It’s something thousands of Albertans have signed up for, to have their bodies donated to medical research after their deaths, but the rules of changed, and the rule change came too late to ensure one man’s final wish was granted.

Connie Ewashko’s father, Don Gray, signed up to donate his body to medical research.

“He felt he didn’t have a lot to offer society, and he wanted to leave some kind of a mark on his life,” Ewashko said.

“I said ‘Yep dad, it’s all taken care of, Alberta Health has the forms, and it’s all taken care of’.”

A year later, he was diagnosed with terminal cancer – and days before his death, the 88-year-old reminded the doctors and nurses at the Grey Nuns Hospital of his wishes.

“They all said ‘Yeah, that’s great’,” Ewashko said.

Hours after her father’s death, Ewashko received a call that his body, riddled with cancer, was rejected because of the amount of cancer.

The family was never warned that could happen.

“I was very frantic, I was frantic that day,” Ewashko said.

Alberta Health said changes were recently made to the form whole body donors fill out – a section was added telling people to contact the University’s Anatomical Gift Program to understand what the donation means, including the fact not all bodies are accepted.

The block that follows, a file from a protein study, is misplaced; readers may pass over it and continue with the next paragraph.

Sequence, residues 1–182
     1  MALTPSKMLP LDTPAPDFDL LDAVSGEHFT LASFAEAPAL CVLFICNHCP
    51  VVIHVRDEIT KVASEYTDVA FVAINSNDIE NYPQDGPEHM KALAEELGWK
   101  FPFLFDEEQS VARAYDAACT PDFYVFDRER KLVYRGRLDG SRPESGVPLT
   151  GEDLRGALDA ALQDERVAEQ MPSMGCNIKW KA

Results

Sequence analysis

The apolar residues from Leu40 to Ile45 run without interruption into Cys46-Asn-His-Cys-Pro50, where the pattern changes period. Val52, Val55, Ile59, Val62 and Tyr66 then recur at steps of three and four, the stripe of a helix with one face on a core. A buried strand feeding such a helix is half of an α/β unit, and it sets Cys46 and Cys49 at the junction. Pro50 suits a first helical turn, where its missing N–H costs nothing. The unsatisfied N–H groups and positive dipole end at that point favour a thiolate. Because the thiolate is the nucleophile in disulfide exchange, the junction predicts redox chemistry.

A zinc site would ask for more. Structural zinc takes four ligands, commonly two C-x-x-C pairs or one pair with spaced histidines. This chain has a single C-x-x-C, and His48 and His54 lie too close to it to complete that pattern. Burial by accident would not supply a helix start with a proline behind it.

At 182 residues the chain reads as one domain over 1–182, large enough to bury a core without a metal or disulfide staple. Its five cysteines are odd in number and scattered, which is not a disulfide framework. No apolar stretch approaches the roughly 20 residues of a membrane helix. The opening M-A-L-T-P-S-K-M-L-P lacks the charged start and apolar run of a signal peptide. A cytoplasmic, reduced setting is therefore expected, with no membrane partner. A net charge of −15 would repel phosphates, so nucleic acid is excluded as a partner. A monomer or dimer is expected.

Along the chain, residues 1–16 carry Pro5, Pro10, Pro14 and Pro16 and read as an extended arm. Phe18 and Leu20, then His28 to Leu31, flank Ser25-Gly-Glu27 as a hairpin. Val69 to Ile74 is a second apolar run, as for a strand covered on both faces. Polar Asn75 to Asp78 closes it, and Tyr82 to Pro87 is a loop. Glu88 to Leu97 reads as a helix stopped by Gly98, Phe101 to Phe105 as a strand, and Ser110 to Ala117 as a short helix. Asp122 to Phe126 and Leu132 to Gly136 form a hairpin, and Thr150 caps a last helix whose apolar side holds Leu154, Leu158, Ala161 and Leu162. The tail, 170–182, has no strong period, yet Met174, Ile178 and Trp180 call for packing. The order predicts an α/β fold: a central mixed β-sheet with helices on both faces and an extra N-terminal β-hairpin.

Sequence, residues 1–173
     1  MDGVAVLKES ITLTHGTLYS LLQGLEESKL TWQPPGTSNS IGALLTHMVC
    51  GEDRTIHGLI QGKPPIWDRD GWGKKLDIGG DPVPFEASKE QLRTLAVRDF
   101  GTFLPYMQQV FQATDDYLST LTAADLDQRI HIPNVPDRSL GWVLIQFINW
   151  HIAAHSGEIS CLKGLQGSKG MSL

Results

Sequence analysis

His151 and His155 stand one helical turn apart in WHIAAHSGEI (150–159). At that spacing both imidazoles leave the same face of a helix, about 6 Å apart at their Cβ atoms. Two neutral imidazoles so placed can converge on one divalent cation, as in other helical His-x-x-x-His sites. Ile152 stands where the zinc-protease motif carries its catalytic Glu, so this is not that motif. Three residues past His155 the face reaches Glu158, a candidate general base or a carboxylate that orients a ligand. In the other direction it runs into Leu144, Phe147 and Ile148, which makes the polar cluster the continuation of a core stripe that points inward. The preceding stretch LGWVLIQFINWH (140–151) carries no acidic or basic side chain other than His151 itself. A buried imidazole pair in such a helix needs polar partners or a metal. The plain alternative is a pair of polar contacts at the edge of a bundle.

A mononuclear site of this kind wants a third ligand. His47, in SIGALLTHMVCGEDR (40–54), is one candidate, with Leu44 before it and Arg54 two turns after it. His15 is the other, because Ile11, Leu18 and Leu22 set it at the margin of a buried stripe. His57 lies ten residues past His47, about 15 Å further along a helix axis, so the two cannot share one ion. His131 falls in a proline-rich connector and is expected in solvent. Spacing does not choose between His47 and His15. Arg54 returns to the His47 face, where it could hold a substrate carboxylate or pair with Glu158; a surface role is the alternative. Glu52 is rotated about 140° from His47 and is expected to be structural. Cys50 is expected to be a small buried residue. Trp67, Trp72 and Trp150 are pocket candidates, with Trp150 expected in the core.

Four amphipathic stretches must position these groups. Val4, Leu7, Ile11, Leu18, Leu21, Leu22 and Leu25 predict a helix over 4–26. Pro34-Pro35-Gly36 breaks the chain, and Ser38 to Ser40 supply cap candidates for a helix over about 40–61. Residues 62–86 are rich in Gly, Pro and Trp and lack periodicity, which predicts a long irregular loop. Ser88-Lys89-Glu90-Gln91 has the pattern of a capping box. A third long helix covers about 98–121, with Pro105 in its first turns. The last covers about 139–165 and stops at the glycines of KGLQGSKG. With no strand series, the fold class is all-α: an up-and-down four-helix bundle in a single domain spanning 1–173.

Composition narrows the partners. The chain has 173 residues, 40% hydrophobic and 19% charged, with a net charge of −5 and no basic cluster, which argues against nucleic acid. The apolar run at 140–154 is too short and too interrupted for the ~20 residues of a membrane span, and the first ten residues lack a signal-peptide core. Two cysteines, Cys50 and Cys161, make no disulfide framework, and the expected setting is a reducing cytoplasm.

Many aren’t aware of that step, and Alberta Health is working on contacting the 9,000 people in Alberta who have indicated they want to be body donors.

“I want people to know that in addition to signing up, if you are wanting your whole body to be used for science, there is a process to reach out to the U of A or U of C,” Health Minister Sarah Hoffman said.

Ewashko said if they had all the information, her father might have made a different decision.

“My dad would have definetly not wanted us to have to go through this,” Ewashko said.

However, she hopes their story educates other potential whole body donors.

“He contributed more than he knows, for sure. This is huge.”

With files from Carmen Leibel